Crash survivor: toughen youth sentences

By Beck Vass

A crash survivor has called for an overhaul of the youth justice system after the youth who caused a smash which killed two people was sentenced to nine months' supervision.

Karen McGregor-Dawson, 39, was left with a broken femur, collarbone and wrist after a 16-year-old youth fleeing police in a stolen Mercedes smashed head-on into her Toyota RAV as she drove along State Highway 1 in the Dome Valley, north of Auckland.

Two passengers in the stolen car, a 34-year-old hitchhiker and a 17-year-old youth, were killed. A boy, 14, was seriously injured.

The driver of the stolen car was sentenced to nine months' supervision when he appeared in the North Shore Youth Court before Judge Laurence Ryan yesterday.

It is the highest punishment a youth court can impose but not high enough for Ms McGregor-Dawson.

"It's a bit of a slap on the wrist really, isn't it?" she said.

"I guess most people would agree for the loss of two lives and seriously injuring two others, three months in custody plus six months' supervision is really not an adequate consequence.

"I'd hate to think if I died my parents would be dealing with all of this now and this is what they would see for losing a daughter.

There are already two people dead."

Ms McGregor-Dawson says she is not angry.

She was a Christian and had forgiven the boy but was left feeling "very concerned" about the country's youth justice system after the crash.

Ms McGregor-Dawson said she was worried about what would happen to the youth, who has a long history of offending, when his supervision period was over.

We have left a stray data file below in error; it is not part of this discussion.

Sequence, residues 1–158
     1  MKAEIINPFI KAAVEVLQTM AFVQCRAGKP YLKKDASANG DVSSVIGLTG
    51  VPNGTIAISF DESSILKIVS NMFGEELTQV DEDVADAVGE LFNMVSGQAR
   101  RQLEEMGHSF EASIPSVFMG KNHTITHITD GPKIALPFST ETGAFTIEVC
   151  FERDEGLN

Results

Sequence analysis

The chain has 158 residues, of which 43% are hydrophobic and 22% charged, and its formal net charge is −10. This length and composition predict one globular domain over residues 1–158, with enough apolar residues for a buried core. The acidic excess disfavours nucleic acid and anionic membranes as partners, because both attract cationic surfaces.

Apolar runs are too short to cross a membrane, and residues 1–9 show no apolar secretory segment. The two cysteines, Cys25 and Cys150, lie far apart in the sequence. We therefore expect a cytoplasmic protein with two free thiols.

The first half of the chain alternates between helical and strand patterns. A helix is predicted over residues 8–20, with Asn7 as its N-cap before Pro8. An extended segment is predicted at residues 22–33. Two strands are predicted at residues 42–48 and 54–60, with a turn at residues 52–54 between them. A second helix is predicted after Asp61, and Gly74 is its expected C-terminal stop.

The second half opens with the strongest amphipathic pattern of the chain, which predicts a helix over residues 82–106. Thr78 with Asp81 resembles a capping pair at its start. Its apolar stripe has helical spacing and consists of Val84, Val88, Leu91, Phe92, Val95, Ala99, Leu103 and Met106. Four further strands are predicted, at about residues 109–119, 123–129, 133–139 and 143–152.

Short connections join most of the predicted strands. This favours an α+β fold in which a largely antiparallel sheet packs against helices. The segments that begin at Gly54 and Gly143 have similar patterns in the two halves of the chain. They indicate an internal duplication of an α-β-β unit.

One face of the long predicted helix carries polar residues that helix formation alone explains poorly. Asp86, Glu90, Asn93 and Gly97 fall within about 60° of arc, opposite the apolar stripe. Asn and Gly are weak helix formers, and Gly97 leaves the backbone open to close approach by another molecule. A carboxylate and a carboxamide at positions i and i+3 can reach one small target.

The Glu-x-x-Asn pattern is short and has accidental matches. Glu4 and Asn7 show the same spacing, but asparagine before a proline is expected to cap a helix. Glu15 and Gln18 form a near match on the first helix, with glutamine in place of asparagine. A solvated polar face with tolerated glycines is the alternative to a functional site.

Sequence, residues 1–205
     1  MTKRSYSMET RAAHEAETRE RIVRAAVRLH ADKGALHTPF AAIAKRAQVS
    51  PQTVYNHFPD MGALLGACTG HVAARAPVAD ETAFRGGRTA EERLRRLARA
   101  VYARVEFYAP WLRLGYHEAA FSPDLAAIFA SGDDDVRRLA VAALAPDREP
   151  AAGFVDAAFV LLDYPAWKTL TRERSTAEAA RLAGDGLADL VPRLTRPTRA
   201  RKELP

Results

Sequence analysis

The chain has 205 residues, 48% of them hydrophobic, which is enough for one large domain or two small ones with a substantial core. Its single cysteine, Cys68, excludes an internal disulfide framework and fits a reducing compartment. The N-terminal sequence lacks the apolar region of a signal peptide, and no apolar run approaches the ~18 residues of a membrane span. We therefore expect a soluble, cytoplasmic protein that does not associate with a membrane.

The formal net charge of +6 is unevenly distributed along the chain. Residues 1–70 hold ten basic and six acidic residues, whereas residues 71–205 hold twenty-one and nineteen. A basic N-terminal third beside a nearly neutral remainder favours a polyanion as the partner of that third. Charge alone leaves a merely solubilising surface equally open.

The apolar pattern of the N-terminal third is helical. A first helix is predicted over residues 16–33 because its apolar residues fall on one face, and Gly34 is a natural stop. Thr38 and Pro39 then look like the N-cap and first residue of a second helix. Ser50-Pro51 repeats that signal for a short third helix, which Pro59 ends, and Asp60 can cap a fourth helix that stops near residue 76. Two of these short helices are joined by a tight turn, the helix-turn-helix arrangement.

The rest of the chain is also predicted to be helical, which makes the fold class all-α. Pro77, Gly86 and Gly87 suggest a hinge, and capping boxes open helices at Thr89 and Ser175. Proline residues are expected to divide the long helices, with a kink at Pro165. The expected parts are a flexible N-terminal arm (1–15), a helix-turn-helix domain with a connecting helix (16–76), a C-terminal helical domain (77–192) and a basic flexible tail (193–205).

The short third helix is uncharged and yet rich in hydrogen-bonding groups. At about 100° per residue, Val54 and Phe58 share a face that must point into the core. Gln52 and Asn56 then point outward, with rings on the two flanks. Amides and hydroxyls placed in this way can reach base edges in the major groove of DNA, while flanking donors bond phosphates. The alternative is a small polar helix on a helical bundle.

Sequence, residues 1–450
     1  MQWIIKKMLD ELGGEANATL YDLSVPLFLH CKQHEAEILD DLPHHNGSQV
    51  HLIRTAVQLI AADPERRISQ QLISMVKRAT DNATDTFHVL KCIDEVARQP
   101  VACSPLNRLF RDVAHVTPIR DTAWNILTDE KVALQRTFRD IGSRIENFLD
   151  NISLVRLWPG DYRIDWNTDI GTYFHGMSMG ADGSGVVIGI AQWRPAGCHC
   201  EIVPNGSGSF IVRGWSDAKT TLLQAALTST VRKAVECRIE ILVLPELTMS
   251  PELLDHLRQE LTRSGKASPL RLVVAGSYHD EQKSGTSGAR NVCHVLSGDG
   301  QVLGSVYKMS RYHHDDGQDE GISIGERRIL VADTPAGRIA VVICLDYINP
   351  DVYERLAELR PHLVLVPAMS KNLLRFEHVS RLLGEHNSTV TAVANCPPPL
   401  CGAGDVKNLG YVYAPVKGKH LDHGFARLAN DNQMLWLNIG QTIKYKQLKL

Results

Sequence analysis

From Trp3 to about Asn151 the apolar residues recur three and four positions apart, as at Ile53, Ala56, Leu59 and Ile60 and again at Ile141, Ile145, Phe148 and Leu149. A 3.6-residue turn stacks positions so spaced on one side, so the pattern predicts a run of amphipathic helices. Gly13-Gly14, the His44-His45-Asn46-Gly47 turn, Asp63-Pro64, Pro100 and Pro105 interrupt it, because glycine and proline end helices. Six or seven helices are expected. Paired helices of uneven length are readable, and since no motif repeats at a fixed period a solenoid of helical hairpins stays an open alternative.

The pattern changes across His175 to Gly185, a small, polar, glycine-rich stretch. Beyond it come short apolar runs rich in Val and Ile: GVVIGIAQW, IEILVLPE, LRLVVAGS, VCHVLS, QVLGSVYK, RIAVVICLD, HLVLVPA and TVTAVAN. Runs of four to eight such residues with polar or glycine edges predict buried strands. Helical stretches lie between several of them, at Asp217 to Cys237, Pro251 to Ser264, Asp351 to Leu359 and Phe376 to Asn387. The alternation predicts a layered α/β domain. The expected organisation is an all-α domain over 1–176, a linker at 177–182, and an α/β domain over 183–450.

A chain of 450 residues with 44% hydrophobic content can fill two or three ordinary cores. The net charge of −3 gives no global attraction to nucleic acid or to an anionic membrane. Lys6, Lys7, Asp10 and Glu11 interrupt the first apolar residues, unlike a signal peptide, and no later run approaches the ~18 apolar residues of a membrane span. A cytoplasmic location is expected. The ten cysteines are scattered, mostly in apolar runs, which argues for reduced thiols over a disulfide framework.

The youth will spend three months in a supervised residence and six months being supervised after that.

"I'd like to think it would result in a turnaround in his life. I'd like to think he'd made some right choices but I don't think three months plus supervision is enough time to do that," Ms McGregor-Dawson said.

"I personally don't think it's adequate but given the legislation for youth offending there's not much else the judge could have done.

"The judge was brilliant and he did the best he could given the legislation."

Ms McGregor-Dawson said despite claims in court the youth was remorseful, she had not been offered an apology from him and when he was offered the chance to speak in court yesterday, he said nothing.

She is hoping her case will be used as an example to make law changes to better rehabilitate troubled youths.

* A discussion document about updating the Children, Young Persons and Their Families Act 1989, including issues of youth justice, is available online. To make a submission, visit:

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